Use photos. The right photo triples the impact of a good post. Take them yourself, find them at Yahoo Flickr already permissioned at www.flickr.com/creativecommons (2.7 million and counting), or spend a dollar each at http://istockphoto.com.
Post your photos at Flickr. People are interested in seeing themselves and other people. If you take digital photos, post them to Flickr and include a Flickr gallery on your blog (Google “Flickr Gallery” for the right widget for your blogging service).
Participate in newsgroups. While newsgroups have faded in recent years, you’ll find at least one very active newsgroups covering just about every topic imaginable. Dive right in. And don’t forget to include your blog’s URL in your signature line.
Use Squidoo. Build one or more lenses to showcase your best blogs about a given topic, or which together form a great tutorial, or just to establish your reputation as someone who knows a thing or two.
Convert old posts into new ezine articles. What’s the difference between a great post you did on a subject six months ago and a free ezine article that drives traffic to your blog? About ten minutes’ effort on your part at ezine sites like iSnare (www.isnare.com), Ezine Articles (ezinearticles.com), and especially the SiteProNews directory of article directories (www.sitepronews.com/article-directories.html).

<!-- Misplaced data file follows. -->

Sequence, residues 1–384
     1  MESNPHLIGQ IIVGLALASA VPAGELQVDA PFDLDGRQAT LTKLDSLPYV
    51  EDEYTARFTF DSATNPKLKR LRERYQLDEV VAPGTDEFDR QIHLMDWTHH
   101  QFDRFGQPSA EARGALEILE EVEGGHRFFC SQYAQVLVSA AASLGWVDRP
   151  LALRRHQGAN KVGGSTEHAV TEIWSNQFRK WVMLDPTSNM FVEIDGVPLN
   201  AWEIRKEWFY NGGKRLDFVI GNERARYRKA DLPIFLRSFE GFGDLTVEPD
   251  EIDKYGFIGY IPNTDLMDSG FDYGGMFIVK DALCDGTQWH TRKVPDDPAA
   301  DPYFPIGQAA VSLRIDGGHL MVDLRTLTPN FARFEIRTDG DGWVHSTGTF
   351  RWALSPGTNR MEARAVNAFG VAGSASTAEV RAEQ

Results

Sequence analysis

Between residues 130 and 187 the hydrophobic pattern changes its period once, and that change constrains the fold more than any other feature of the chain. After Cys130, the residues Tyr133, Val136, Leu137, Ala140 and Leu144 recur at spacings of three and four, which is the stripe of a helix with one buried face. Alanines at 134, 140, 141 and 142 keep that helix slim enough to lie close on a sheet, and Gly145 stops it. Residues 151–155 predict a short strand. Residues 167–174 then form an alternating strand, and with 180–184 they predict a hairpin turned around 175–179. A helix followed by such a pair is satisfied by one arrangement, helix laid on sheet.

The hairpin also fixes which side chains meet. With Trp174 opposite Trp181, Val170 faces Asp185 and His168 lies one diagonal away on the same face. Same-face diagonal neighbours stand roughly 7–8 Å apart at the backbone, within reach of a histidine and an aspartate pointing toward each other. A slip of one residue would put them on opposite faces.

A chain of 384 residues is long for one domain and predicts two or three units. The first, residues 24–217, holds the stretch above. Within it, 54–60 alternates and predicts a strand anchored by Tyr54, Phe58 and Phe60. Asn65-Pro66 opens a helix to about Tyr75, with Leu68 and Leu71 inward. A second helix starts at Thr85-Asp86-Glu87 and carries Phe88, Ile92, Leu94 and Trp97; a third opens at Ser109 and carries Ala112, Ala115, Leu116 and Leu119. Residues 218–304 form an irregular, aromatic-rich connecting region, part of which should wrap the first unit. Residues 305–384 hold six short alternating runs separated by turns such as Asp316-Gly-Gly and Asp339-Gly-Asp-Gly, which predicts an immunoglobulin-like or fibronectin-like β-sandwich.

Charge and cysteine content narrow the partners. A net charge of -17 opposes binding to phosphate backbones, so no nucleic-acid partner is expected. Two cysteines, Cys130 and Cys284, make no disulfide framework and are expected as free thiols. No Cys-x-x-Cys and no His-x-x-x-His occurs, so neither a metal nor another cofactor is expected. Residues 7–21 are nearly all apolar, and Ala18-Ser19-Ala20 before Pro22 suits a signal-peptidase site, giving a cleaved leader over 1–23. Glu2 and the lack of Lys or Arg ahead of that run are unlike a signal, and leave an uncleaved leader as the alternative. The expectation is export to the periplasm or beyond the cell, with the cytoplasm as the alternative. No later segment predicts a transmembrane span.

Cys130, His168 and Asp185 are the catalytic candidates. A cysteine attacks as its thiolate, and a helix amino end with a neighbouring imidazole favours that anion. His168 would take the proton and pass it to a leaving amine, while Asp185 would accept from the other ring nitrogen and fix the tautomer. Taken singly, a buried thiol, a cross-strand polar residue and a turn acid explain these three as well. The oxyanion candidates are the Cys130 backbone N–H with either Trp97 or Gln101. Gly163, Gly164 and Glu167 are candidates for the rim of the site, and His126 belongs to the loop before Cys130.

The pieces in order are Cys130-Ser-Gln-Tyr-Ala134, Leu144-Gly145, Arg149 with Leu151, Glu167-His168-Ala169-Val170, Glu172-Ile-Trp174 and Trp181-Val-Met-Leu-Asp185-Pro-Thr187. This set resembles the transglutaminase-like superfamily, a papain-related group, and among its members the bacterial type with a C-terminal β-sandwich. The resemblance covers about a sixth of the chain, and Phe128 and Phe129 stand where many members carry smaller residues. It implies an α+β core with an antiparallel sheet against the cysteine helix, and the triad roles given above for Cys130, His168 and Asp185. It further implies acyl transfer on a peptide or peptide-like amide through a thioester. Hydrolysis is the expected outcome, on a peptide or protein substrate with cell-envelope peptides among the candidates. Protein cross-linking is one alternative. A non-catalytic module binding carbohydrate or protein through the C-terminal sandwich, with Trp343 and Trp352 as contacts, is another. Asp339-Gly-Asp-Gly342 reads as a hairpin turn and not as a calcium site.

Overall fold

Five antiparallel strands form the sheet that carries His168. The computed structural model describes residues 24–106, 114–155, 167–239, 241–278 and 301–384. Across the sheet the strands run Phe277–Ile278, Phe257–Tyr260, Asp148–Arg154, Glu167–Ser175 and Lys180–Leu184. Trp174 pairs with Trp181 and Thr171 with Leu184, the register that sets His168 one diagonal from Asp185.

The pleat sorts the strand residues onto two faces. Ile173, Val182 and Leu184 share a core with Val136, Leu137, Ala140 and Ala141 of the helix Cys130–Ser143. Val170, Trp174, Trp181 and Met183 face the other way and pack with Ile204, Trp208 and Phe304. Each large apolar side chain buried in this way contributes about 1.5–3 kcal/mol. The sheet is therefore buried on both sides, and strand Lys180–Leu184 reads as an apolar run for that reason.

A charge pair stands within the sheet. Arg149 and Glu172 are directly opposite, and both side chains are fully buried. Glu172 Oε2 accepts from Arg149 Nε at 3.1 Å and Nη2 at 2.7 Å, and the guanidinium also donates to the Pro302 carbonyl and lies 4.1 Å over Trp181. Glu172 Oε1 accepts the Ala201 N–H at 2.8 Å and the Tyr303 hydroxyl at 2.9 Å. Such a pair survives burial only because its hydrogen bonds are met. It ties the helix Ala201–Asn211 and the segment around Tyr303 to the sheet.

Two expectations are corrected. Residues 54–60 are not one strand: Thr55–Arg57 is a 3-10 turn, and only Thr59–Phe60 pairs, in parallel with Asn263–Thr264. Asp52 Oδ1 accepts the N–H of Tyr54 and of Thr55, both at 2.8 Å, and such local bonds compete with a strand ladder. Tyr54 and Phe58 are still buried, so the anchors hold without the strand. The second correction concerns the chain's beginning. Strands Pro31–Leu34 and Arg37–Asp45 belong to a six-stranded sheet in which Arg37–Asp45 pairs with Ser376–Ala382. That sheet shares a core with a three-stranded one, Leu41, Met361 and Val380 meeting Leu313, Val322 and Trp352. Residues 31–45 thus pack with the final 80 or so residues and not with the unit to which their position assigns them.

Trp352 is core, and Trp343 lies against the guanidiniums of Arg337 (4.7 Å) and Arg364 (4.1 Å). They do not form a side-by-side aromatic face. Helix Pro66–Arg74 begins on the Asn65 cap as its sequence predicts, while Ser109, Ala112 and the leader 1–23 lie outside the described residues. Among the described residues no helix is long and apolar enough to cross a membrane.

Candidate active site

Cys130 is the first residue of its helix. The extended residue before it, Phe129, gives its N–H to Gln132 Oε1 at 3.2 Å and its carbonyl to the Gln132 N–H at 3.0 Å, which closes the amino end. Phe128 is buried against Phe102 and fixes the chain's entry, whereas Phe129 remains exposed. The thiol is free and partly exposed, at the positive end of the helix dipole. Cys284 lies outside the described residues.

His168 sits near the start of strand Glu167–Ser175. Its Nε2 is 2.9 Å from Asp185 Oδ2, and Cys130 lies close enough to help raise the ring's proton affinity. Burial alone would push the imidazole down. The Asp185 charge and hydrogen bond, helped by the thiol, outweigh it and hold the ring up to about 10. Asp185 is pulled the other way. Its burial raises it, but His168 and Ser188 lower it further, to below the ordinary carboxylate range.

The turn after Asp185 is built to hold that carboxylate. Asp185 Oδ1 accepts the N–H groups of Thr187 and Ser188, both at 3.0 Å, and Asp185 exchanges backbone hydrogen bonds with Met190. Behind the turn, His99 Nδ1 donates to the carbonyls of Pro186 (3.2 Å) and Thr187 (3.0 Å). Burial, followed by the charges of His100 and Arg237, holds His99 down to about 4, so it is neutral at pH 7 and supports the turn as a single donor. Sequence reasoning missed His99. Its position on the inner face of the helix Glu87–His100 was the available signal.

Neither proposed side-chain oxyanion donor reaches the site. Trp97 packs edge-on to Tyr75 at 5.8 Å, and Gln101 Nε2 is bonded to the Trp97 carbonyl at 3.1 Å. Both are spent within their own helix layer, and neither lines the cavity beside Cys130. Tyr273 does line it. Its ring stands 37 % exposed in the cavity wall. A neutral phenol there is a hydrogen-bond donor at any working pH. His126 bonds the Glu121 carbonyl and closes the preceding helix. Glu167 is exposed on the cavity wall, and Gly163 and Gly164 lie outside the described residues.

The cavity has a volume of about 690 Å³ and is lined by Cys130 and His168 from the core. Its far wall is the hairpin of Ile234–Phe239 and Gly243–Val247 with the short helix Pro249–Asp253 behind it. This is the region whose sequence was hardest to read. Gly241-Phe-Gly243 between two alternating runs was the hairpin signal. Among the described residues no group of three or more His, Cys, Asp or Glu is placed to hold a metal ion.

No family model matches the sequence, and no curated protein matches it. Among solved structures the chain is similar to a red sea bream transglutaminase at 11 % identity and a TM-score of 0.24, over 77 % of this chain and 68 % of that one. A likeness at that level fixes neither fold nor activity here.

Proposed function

Guest post. This technique worked for me when I started ToDoOrElse.com. Offer another (more influential) blogger guest posts to keep the content rolling while that blogger is on vacation, overextended, and so on. This technique presupposes you have some sort of relationship going, that the other blogger has either asked for guest posts or seems ready for the idea, and that you have at least a few posts that would fit the bill.
Provide answers. In just about every area, there are current questions that need answers. Think about the subjects you blog on. What questions could a little non-blog research or data-gathering answer?